Senator Lisa Murkowski (R-AK) condemned recent attacks on women last week during a local radio interview while visiting the town of Homer, Alaska. Her remarks were in response to a call-in question from a constituent who asked about her position on reproductive rights.
Murkowski called the recent attacks made by radio show host Rush Limbaugh against Sandra Fluke, a Georgetown Law School student, "offensive, horribly offensive," reported the Homer News. She continued, "To have those kind of slurs against a woman...you had candidates who want to be our president not say, 'That's wrong. That's offensive.' They did not condemn the rhetoric."
Limbaugh called Fluke, who who was not allowed to testify at a House Committee hearing on the religious exemption on contraception coverage and women's health, a "slut" and a "prostitute." His initial comments included the remark, "What does it say about the college [sic] co-ed Sandra Fluke, who goes before a congressional committee and essentially says that she must be paid to have sex? It makes her a slut, right? It makes her a prostitute. She wants to be paid to have sex." Since this initial incident and subsequent offensive remarks made by Limbaugh over 100 companies - including Ford, GM, Toyota, Allstate, Geico, Prudential, State Farm, McDonald's and Subway - have pulled their advertisements from the show, sending a strong message to radio show hosts that they will not support hate speech and misogyny.
During her interview, Senator Murkowski also said, "The right to a safe and legal abortion has been affirmed by the courts, and I stand by that...I will continue to support funding Planned Parenthood."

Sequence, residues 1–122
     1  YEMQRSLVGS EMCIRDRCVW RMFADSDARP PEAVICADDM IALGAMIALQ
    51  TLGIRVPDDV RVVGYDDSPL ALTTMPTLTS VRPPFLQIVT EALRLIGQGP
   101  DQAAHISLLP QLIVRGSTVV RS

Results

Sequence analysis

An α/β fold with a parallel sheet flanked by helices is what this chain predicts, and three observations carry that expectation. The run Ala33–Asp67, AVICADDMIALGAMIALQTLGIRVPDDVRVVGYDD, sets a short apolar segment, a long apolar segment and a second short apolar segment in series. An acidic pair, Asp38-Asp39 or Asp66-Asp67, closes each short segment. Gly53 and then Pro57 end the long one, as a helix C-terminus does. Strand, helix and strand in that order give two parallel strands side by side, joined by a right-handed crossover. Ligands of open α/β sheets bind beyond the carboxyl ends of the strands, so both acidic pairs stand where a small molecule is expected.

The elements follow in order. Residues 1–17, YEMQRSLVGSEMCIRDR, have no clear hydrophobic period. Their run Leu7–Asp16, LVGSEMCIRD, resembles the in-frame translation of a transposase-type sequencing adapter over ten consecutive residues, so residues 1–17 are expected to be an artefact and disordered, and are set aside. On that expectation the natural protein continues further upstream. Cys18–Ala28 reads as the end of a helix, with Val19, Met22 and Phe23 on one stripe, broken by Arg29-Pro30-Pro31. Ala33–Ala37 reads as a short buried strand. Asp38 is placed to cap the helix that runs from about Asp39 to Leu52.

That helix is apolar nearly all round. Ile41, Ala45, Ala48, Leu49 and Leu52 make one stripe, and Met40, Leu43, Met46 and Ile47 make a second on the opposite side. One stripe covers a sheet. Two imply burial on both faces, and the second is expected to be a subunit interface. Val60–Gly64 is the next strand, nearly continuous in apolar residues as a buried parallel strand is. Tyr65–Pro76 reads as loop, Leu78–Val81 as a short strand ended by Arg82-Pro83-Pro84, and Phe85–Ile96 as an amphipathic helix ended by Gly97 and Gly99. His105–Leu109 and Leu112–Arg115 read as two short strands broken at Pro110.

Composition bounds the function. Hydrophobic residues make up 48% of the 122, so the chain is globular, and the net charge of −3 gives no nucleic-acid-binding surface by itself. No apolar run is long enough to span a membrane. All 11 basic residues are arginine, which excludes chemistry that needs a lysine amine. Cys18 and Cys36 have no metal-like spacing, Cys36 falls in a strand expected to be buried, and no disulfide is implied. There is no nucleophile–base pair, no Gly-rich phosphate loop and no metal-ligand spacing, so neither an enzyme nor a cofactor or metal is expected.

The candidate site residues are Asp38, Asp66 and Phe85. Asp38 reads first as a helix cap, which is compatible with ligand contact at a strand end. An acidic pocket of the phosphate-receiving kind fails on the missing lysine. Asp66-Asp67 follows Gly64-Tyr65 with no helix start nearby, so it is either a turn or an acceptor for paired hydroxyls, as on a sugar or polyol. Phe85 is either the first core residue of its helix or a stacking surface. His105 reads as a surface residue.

Media Resources: Homer News 4/4/2012; Feminist Daily Newswire 3/1/2012, 3/13. 2012
12/9/2013 Mixed Results for Afghanistan's Anti-Violence Against Women Law - The United Nations Assistance Mission in Afghanistan (UNAMA) and the Office of the UN High Commissioner for Human Rights (OHCHR) released their annual report on violence against women in Afghanistan yesterday, revealing mixed results of the country's Elimination of Violence against Women Law.
"A Way to Go: An Update on Implementation of the Law on the Elimination of Violence against Women in Afghanistan [PDF]," found that there was a 28 percent increase in reports of violence against women from 2012 to 2013 , but only 17 percent of those were prosecuted under EVAW - a small 2 percent increase from last year.
The law, which was issued by the executive decree of President Hamid Karzai in 2009, criminalizes 22 acts of violence against women and specifies punishment for perpetrators. . . .